Hey guys, I am going to be parallel charging 2x2s lipos and wanted to know if the parallel connector for the minis would be ok? I know it is a lower gauge wire, but has anyone done this? It would make it a lot easier on me by not having to make another parallel connector (or buy one) with thicker wires. My charger will be set at 5 amps max. and they are 2x5000mah 2s packs. (largest 2s ones that I have). Any help is always appreciated, Thanks!
I reject your reality and substitute my own!
i heard you can charge x2 lipos in parallel with that connector as long as you get a parallel splitter to balance each lipo. look at progressiverc.com and look for a parallel balance connector that splittes 2 plugs to one plug to go to the charger balance board. the wire gauge will be fine.
DEU 8:18 ESV
this is what i'm talking about: this isnt my charge setup though i wish it was then i would be in business for sure, this is pavementsufer's setup have it for reference incase i forget what i need for when i do mine:
DEU 8:18 ESV
if it is balancing 6s batteries, i would go series balancing. dont go parallel. serial is a bit better for the cells. its like balancing a 6s lipo.
i was advised to in this forum, i didnt listen and went parallel and my cells died. dont know if that is the reason, but i took it out of the equation to be safe.
Series charging is better but your batts all need to be the same mah. It is also easier to set up the charger wrong if your not paying attention. You neeed a series balance plug, and they are hard to find.
Stick with parallel. Adapters are easier to get and its still safe.
Your mini adapter will work fine.
I don't think series is better for the batteries... I've had trouble getting them to stay balanced.
But, series charging is at higher volts, and takes advantage of a charger's higher watt outputs. For example... my current charger is 150 watt, but limited to 7 amps... well 7 amps at 12.6 volts is only 88 watts. If I want to max the charger, I have to series charge as 6s, then I'm watt limited... but it charges much faster this way. If I'm in a hurry, I'll series charge.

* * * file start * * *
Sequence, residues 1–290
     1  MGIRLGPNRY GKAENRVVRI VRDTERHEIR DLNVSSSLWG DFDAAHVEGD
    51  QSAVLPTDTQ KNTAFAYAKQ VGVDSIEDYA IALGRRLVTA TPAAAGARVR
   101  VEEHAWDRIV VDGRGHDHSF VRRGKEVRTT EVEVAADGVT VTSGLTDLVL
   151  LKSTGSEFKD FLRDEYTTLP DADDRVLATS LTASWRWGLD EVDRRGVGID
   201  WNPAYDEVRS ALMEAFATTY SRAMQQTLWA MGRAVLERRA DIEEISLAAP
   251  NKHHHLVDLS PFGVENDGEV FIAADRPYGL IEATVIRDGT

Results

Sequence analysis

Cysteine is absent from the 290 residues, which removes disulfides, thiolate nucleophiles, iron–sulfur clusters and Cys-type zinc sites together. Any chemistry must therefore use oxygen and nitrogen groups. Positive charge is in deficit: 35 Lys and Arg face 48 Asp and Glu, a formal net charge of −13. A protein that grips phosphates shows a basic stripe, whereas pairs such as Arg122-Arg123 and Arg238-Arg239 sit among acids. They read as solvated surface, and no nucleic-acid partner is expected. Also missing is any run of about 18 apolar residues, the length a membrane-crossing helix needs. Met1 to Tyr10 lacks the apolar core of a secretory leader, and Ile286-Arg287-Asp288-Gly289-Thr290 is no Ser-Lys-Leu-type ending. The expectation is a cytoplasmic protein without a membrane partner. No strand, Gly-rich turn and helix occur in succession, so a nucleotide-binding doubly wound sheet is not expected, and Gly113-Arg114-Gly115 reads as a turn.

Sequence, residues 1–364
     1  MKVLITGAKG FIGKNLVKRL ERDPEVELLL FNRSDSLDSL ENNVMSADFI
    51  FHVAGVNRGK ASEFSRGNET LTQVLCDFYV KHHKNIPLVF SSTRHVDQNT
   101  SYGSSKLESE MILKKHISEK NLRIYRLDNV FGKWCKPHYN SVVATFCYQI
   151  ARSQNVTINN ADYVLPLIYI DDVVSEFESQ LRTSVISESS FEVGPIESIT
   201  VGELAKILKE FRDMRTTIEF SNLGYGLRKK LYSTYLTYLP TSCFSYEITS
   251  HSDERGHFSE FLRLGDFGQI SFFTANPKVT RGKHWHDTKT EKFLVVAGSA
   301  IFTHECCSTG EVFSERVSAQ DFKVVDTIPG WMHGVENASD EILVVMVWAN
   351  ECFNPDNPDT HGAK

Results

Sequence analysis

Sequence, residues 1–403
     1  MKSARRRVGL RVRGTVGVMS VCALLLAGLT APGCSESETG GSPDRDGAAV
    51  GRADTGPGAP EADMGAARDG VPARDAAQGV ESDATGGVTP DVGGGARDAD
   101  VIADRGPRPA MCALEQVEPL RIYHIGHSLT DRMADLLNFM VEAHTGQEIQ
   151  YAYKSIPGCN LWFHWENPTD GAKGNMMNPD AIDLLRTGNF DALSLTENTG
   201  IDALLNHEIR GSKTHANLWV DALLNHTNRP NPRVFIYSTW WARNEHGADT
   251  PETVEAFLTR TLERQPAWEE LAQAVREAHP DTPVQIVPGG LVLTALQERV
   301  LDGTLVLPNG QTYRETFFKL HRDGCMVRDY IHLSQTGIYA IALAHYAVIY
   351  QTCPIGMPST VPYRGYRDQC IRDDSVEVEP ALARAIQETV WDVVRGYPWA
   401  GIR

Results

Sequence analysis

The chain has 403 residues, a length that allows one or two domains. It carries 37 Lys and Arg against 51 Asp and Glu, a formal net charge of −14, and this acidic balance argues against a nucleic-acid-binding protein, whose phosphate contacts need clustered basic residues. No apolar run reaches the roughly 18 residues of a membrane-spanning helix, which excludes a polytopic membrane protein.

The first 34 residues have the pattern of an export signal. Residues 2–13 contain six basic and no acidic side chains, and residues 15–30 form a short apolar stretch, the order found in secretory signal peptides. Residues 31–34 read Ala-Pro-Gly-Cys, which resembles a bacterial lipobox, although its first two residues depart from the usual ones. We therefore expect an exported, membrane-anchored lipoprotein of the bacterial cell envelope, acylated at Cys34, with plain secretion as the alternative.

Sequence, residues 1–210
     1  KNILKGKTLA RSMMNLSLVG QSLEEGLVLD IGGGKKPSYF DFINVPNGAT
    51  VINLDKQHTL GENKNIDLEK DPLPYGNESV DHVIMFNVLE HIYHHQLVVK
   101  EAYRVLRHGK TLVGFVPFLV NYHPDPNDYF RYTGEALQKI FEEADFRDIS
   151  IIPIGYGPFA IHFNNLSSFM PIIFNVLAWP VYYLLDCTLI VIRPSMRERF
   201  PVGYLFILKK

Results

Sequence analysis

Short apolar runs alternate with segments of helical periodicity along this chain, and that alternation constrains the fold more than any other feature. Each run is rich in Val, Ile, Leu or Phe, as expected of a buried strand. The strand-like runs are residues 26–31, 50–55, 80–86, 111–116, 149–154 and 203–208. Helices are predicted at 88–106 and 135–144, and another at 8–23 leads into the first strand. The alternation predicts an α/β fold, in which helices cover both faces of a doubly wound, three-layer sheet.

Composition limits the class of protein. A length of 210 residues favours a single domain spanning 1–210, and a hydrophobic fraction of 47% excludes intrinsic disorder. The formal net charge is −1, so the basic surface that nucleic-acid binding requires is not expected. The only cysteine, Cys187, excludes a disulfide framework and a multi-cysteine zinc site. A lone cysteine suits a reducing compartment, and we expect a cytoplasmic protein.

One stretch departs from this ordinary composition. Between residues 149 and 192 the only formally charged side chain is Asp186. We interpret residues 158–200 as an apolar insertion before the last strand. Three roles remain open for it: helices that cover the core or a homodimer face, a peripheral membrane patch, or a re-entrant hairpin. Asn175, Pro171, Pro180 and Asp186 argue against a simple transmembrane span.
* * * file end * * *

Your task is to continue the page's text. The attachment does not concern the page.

Lately I've been uses a parallel board. That sure is handy... and it balances really well.... the downside is at 88 watts I'm not charging very quickly... My 20 amp charger should be arriving any day now... that will help things out... but I'll still need to go series if I want to reach the new chargers 400 watt limit.
+1 series. Amps start adding up quick charging big packs in parallel over a 1c rate. How big are your charger output wires? Things start to heat up. Or you can charge your lipo array all night at a .5c rate.
I use both all the time it just depends what connector is available at the time.
Last edited by BL-Bob; 03-15-2012 at 10:20 AM.
Once again, here is my take on series vs parallel balancing:
I personally prefer series charging. Why? Because each cell is monitored and balanced individually. If you have two packs where there is a weaker single cell in one pack, the charger/balance circuits will see it and "pay special attention" to it (electrically speaking). If you were to simply slap two of those packs in parallel, that same weaker cell is "masked" by the cell it is being paralleled with. Not to mention the potential for fairly large current flow in those small balancer wires on initial contact as the stronger cell "charges" the weaker one - it's not a whole lot typically, but could be if one cell was a lot weaker. Please do not tell me "but voltages are the same in a parallel circuit so both cells will be equal". Of course that is true, but for that to happen, the weak cell and the strong cell have to "meet somewhere in the middle" voltage-wise, and my problem is how that convergence is happening. This is also why I do not even like 2p packs; if the pack needs to have multiple parallel cells internally to make up the capacity you want, then just use larger cells or re-think the system to maybe use higher voltage instead.